Housing Need and Housing Pressures in St Andrews 

In 2012, several local organisations met and resolved to promote a serious study of the housing situation in St Andrews. This group comprised local Fife Councillors, the Royal Burgh of St Andrews Community Council, the University of St Andrews, the University of St Andrews Students Association, the St Andrews Preservation Trust and the Confederation of St Andrews Residents Associations(CSARA). They agreed to constitute themselves as the St Andrews Town Commission on Housing Reference Group and, in turn, to appoint an autonomous team, the St Andrews Town Commission on Housing, whose members would bring a wide range of experience and skill to the study and could be relied upon to be independent in their work.


In 2012 a group of local organisations resolved to promote a serious study of the housing situation in the town. To carry out this task-, they established the ‘St Andrews Town Commission on Housing’ composed of people who would bring a wide range of experience and skill to the study and could be relied on to be independent in their work. The objective was to identify and examine housing need and housing pressures in St Andrews, how these are currently being met and how they might be better met in the future.

The Commission gathered evidence from a Questionnaire (circulated to the student community and town households) and from interviews with local organisations, town residents, the University, Fife Council and a variety of housing providers. We also interrogated census and local authority demographic and housing data and conducted a survey of published literature and documentary sources. From this evidence it became apparent that two issues overrode all others, (i) scarcity of affordable housing and (ii) pressure on accommodation from University students who represent an unusually high proportion of the town’s population. These became the focus for the study.

In building towards our recommendations we investigated trends in the demographic composition of St Andrews and changes in housing tenure and housing costs. We examined aspects of the local housing market, especially in relation to housing and planning policies. We further examined the difficulties that local residents, including students, have relating to house purchase and rent. We focused in some detail on the provision and scarcity of affordable housing, exploring the impact of ‘Right to Buy’, the absence of public investment over the recent past, and the prospective role of the private sector (through planning obligations). These investigations confirmed and reinforced the Council’s designation of St Andrews as the most pressured housing area in Fife. They further identified the urgent need for the development of a strategic housing plan for the town and the potential of the Kilrymont site of Madras College, when it becomes available, as a location for affordable investment.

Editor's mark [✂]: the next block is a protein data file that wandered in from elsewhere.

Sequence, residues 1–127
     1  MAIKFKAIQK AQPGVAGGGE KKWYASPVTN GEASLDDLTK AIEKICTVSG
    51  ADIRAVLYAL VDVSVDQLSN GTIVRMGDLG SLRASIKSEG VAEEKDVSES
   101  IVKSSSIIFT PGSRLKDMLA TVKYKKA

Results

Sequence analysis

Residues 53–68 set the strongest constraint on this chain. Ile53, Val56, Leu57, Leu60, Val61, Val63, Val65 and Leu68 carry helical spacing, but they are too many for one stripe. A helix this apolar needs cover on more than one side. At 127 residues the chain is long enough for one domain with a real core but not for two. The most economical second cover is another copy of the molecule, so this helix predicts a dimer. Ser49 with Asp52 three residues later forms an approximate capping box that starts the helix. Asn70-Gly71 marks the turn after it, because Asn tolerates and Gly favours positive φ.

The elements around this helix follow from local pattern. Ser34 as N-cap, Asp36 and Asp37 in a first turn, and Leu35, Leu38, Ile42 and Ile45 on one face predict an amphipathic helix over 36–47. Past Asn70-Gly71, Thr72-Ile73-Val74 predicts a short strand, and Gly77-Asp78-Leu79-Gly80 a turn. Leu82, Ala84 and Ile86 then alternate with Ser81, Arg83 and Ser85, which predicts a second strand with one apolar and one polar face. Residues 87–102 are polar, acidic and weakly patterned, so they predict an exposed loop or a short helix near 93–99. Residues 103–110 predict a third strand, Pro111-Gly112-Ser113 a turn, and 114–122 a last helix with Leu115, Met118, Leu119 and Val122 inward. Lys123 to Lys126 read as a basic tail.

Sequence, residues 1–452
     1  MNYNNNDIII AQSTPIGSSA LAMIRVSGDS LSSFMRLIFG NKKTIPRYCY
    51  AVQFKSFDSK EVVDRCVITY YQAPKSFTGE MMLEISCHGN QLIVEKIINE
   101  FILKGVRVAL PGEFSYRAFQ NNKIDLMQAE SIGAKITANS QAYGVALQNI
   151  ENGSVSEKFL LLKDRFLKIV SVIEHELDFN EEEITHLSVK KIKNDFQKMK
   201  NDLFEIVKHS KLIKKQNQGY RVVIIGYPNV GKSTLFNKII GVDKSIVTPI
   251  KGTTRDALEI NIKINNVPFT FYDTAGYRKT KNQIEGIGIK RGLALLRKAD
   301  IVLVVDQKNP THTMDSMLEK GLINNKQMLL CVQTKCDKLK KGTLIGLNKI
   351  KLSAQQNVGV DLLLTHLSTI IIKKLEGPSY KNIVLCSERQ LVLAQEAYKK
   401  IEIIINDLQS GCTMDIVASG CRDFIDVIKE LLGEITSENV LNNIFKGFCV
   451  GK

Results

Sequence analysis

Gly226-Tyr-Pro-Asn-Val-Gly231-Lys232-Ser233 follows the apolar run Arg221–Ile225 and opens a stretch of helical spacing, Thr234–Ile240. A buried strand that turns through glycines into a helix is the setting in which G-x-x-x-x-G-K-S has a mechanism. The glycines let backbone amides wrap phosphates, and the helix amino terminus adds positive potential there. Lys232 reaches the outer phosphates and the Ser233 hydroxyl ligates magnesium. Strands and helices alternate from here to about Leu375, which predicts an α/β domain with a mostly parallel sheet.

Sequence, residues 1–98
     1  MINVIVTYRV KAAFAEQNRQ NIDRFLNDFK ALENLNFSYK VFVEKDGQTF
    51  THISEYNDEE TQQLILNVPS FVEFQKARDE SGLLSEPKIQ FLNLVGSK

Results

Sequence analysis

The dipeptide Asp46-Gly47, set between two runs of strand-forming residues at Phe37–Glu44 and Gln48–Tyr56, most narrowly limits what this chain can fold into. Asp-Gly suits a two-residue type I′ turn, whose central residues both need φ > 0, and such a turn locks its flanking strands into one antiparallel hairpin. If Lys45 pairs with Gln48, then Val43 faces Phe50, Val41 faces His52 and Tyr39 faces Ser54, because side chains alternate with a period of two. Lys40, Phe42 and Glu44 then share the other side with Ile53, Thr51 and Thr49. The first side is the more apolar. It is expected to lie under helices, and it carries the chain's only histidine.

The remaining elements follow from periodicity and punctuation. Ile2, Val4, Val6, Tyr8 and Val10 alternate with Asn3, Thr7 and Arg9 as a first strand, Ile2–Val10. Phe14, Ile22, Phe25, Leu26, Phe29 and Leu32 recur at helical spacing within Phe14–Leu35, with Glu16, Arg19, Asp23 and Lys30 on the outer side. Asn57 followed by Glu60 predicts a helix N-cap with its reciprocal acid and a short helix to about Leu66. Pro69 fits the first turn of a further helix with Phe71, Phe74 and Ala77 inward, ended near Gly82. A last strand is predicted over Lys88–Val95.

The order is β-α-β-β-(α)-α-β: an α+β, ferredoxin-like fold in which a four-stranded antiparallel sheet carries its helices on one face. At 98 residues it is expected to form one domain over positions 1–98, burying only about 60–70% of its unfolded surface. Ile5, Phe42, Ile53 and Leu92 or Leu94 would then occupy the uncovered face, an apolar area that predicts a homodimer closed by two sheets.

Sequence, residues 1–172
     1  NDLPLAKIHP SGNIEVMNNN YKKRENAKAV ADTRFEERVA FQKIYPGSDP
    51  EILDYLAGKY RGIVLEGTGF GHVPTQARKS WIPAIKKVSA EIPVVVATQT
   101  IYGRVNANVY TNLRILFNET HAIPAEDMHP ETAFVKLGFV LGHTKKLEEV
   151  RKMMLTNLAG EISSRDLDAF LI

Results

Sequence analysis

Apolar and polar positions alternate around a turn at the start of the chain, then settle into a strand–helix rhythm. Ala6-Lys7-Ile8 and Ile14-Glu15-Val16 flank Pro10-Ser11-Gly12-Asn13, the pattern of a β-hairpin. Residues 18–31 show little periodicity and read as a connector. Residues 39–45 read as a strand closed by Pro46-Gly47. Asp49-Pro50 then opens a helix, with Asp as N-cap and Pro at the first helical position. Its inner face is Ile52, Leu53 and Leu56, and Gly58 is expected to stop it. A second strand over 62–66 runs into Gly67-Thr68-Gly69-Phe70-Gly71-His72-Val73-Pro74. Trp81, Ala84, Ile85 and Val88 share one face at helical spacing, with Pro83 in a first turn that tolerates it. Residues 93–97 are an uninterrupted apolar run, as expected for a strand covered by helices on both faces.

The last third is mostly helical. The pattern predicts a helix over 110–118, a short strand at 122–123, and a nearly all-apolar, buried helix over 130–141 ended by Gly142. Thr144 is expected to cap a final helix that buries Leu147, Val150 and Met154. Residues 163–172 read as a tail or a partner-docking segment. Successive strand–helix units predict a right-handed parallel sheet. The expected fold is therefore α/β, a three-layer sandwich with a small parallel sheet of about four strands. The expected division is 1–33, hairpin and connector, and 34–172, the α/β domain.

Our examination of ‘studentification’ (the process by which specific  neighbourhoods become dominated by student residential occupation) identified the concentration of student HMOs in the centre of St Andrews, the escalating impact of this concentration on house and rental prices and the difficulties it creates for town residents and newcomers wishing to purchase or rent property in the town. While recognising the opposing views of many students and local residents, we concluded that if these problems were to be effectively addressed the scope of the present HMO moratorium needs to be expanded in the context of an increase in the provision of student residential accommodation by both private developers and by the University.

From analysis of all the information and evidence, the summary of our recommendations is inter alia

(i) that Fife Council examine the specific housing needs of St Andrews and develop a strategy for housing in the town;

(ii) that Fife Council, in collaboration with the St Andrews community, address the immediate need for affordable accommodation and actively pursue the building of affordable houses on the Kilrymont site of Madras College when it becomes available, and develop this site in tandem with the extant proposals for the development of St Andrews West;

(iii) that Fife Council determine, in collaboration with the St Andrews community, an appropriate yardstick for student housing density and, meantime, give serious consideration to extending the HMO moratorium geographically to embrace the whole town and to imposing restrictions on the renewal of HMO licences;

(iv) that the private provision of student ‘halls’ of residence be supported, and that the University actively promote the building of additional University-managed student accommodation, both undergraduate and postgraduate;

(v) that a ‘Standing Working Party’ be created comprising community representatives, the University and Fife Council as a forum for reconciling differences and for the advancement of housing development in St Andrews.

The full report can be accessed at: